The verdict on the
deal took a while to come in, but when it did, it hit the Street with a thud.
After running up Tuesday, Inacom shares Wednesday gave up their gains and then some as investors worried that the deal, in which Compaq acquired Inacom's hardware business for $370 million, left them holding the bag. The negative reaction may put further consolidation between traditional PC manufacturers and computer distribution companies on hold, say analysts. That means bad news for the distributors, many of whose stocks have languished amid fierce competition and sliding margins.
Like at First Sight
At first glance, Inacom investors liked the arrangement, and Inacom stock rose 20% Tuesday in heavy late-day trading. But by Wednesday morning, shareholders were reading between the lines and reconsidering, even as stocks mostly recovered from Tuesday's drubbing. Inacom shares dropped 32% Wednesday to close at 7.
"I bought some Inacom last night thinking I was going to get rich, but I was wrong," says Paul Schupf, a New York-based money manager.
"It is not clear that the direct capabilities that Inacom has are the right approach for Compaq," writes
analyst Don Young in a report on the deal. "The operation of Inacom as a subsidiary with operations physically separated from Compaq's Texas manufacturing is an unproven approach that none of the direct competitors employ." (Inacom's plants are in Indiana, New Jersey and California.)
Young goes so far to write that Compaq should have acquired
instead. (Young has a neutral rating on Compaq and does not cover Inacom. His firm has done no Compaq underwriting.)
The Eye of the Beholder
Before the deal, Steve Milunovich, a hardware analyst with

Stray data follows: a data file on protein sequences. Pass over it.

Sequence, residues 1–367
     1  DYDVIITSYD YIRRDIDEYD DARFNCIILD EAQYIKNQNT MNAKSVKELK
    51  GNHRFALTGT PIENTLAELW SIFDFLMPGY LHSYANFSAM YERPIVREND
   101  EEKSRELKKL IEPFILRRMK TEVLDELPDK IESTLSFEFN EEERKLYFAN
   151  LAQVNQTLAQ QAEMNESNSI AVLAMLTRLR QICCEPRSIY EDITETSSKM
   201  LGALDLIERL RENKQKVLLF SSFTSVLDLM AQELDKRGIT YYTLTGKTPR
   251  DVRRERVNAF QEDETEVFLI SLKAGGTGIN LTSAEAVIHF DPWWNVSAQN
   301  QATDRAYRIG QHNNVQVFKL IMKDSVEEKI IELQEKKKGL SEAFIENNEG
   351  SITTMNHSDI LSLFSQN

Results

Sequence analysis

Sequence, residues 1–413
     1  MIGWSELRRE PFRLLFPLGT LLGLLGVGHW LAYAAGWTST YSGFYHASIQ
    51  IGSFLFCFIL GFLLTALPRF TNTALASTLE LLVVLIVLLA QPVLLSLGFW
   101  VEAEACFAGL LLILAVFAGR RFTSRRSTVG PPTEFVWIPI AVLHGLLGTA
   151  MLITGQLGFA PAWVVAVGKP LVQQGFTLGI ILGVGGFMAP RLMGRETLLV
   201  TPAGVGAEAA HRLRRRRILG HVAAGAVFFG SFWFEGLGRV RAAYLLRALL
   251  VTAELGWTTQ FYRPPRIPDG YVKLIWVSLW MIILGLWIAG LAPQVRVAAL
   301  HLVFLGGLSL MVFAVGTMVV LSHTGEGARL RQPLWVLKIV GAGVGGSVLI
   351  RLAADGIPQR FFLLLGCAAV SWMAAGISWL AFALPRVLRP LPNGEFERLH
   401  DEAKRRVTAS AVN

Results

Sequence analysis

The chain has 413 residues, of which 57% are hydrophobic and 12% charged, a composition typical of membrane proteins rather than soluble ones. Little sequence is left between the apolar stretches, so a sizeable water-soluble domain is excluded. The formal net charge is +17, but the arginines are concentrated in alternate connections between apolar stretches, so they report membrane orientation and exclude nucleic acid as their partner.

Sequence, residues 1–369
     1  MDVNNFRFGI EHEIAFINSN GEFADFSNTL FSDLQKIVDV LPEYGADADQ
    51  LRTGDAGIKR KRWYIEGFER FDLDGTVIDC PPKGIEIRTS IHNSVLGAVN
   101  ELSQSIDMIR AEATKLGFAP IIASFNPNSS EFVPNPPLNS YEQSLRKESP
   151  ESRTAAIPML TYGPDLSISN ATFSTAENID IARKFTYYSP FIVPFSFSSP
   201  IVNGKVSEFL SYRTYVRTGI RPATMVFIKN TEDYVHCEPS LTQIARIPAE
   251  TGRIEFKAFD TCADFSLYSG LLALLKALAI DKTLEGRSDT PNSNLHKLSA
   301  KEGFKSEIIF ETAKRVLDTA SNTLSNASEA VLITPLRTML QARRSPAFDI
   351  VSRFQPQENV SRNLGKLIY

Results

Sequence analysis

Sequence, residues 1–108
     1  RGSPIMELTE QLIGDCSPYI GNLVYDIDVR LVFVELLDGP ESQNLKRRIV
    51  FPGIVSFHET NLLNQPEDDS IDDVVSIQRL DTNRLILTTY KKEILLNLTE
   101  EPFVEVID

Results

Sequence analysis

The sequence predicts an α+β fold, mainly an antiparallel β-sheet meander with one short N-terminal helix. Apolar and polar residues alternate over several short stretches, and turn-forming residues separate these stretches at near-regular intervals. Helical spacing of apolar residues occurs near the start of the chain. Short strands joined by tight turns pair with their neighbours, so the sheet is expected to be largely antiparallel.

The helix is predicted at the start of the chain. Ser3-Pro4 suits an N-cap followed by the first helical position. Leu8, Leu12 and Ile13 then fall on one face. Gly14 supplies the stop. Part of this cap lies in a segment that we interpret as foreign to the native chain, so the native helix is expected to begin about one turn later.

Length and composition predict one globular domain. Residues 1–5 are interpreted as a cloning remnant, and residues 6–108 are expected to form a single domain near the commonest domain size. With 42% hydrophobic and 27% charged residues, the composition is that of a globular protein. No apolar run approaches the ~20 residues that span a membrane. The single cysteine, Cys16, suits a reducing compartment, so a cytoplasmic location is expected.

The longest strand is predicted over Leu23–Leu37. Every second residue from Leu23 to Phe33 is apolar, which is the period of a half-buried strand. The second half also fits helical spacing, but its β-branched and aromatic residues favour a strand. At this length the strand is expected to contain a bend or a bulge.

that Inacom, as well as some of its undervalued brethern, were becoming attractive takeover targets.
, trading at 4 1/2, is another candidate, and analysts are now saying No. 3 PC direct seller Micron PC could be attractive to companies such as
, Compaq or even
. All three PC giants are looking to move more of their business away from the retail channel and into direct sales, which sport better gross margins -- a key indicator for PC stocks. A Micron representative declined to comment. Milunovich has accumulate ratings on H-P and Compaq, a neutral IBM rating, and does not cover Inacom or CompuCom. Merrill has done recent underwriting for H-P, but not for the others.
Schupf says Inacom investors are having second thoughts because investors are feeling misled. "Previous management had been saying the real key to this business was their IT installation business," explains Schupf. "But since Compaq paid $370 million for just its reselling PC business and Inacom only has a $450 million market cap, it's pretty obvious they haven't built up any IT momentum."
The Whole Shebang
Inacom CFO Thomas Fitzpatrick says shareholders should look at the whole Compaq deal. "We also are getting $420 million in revenue over the next three years from Compaq," says Fitzpatrick, who estimates Inacom will receive this much in a revenue-sharing deal. "That will substantially improve not only revenue results but gross margins as well going forward."
This new IT business, which was expected to give Inacom better profit margins, was one of the main reasons its stock rose to 40 two years ago. But it hasn't been close to that level since. Schupf says he bought Inacom yesterday because he thinks new management -- CEO Jerry Gagliardi started two months ago -- may be able to focus more on IT now that Compaq will control the hardware distribution end. Schupf holds no position in Compaq.
Whether or not Gagliardi can use Compaq's cash to pay off debt and generate some long overdue IT momentum is not what brokerage firms may be thinking right now, however. Instead, investment bankers may be musing that the poor response to the Inacom announcement may very well dry up the well for future deals in the computer distribution arena.